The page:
One of the basic tenets of the Boy Scout code is to “leave no trace” when vacating a campsite. The same rule applies to proper supply chain management, according to some former scouts now serving as prominent reverse logistics practitioners.
“We owe it to our community and future generations,” says Gary Cullen, chief operating officer of 4PRL, the reverse logistics operation of The Georgetowne Group, a consultancy based in Clarksville, Md. “Consumer buying patterns in the past were more conservative and therefore pushed product obsolescence to a larger window—three to five years for a television, for example,” he adds.
“The secondary markets are effective in diverting a large number of products from landfill and creating numerous jobs.”
“But now, consumers want the newest television set on the market. One year it’s the flat screen, the next it’s got to be 3D.” And just as “secondary markets” exist in the financial world to offer investment alternatives, a similar convention helps manufacturers repurpose their supply chains.
“There are new revenue streams to be explored,” says Dale Rogers, the incoming director for Supply Chain Management at Rutgers University. “The secondary markets are effective in diverting a large number of products from landfill and creating numerous jobs.”
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Shippers and other ocean cargo carrier stakeholders should be cheering the announcement made today by The U.S. Coast Guard, as it formally notified the International Maritime Organization through a Declaration of Equivalency that the United States position on SOLAS is that there are multiple methods to submit the combined cargo and container weight (Verified Gross Mass or VGM).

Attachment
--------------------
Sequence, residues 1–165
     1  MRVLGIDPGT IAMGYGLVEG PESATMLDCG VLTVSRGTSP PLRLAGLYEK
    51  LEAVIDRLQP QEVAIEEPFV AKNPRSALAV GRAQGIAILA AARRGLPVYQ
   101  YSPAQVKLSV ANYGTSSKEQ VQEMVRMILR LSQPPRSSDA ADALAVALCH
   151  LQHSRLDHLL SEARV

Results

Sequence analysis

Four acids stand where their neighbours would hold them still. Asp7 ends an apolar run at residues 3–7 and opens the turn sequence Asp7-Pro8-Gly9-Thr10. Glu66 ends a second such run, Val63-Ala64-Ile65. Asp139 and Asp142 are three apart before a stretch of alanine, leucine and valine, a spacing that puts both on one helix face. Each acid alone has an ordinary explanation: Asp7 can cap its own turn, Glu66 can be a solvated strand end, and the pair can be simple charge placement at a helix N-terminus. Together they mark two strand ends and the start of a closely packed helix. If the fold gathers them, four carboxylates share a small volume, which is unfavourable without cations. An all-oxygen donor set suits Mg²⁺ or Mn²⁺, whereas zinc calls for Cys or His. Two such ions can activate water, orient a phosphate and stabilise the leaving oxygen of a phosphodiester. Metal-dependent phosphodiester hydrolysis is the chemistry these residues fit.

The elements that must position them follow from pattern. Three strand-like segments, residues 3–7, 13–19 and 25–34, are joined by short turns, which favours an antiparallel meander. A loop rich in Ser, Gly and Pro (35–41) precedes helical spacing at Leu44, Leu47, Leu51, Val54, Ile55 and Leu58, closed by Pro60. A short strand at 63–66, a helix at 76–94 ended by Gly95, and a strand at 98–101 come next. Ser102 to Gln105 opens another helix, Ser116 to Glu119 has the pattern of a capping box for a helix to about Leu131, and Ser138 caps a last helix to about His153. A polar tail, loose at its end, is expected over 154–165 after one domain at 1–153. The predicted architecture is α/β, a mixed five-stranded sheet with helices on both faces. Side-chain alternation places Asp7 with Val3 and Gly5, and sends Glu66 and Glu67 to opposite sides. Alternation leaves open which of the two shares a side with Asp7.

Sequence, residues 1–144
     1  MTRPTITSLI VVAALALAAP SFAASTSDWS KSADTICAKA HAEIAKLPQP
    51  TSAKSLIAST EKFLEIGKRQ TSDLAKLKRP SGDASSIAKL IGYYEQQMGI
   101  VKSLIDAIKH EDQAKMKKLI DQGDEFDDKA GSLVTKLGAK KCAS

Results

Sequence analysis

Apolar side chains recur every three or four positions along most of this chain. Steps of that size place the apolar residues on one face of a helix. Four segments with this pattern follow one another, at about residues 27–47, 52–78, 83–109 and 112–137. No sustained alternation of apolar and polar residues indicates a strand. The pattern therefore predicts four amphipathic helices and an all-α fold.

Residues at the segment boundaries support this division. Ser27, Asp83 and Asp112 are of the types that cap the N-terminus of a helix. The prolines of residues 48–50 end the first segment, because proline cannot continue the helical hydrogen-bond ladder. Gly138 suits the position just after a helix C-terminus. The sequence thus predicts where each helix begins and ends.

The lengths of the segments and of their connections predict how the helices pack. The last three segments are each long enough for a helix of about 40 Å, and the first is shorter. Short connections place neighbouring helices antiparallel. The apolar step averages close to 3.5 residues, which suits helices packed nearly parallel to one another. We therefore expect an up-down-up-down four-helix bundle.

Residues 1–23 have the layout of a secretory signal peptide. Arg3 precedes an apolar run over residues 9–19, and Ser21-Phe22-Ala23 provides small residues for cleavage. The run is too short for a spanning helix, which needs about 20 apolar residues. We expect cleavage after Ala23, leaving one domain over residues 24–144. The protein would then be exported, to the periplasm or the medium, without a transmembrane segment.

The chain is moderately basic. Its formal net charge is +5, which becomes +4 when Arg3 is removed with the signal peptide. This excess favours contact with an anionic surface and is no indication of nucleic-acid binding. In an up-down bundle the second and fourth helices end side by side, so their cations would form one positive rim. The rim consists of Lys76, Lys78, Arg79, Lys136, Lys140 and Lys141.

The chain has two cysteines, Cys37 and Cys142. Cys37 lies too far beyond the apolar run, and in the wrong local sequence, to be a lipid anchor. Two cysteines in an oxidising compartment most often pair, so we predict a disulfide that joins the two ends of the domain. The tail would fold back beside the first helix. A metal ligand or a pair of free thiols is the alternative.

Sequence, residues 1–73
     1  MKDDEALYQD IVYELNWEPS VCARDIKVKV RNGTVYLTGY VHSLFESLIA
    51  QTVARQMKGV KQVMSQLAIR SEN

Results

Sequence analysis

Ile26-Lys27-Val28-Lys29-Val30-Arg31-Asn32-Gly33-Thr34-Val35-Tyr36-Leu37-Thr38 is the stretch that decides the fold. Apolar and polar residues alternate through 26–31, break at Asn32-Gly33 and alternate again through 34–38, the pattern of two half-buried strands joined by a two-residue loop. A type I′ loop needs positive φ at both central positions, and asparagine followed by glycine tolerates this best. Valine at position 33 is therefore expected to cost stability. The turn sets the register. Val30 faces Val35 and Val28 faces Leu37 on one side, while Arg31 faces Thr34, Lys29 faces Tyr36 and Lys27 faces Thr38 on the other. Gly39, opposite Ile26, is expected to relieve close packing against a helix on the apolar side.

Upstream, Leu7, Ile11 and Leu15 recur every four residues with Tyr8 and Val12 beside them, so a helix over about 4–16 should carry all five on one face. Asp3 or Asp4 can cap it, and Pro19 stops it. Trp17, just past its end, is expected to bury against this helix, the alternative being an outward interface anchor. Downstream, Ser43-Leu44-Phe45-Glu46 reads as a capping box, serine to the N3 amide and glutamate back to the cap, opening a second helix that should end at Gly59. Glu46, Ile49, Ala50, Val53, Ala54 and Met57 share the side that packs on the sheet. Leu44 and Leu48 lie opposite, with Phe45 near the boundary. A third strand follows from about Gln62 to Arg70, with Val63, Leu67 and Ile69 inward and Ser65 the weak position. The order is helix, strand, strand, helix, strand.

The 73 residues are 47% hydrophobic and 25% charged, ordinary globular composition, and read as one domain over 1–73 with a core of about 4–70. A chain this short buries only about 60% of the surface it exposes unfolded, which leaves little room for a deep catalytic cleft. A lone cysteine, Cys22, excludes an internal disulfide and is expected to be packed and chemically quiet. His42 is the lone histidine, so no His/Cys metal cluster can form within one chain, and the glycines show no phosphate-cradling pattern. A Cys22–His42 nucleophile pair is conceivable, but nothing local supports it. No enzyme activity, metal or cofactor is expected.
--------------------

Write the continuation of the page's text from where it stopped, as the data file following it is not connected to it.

The proposed $4.8 billion acquisition of TNT Express N.V. by FedEx took a major step closer to becoming official today, with the company and TNT announcing today that they have received unconditional approval of the offer from the Ministry of Commerce People’s Republic of China (MOCFCOM).
March shipments at 798,180 trailed February by 12 percent and were down 19 percent annually. For the entire first quarter, shipments were relatively flat annually, rising 0.27 percent to 2,587,988.
OCEMA says it has placed a priority on working with other stakeholders to find operational solutions that will help U.S. exporters, carriers, and marine terminals prepare for the implementation of the SOLAS Verified Gross Mass (VGM) rule.
The first quarter is typically the slowest period of freight demand for LTL carriers. With a few notable exceptions, that was reflected in first quarter earnings reports of the major publicly held LTL carriers.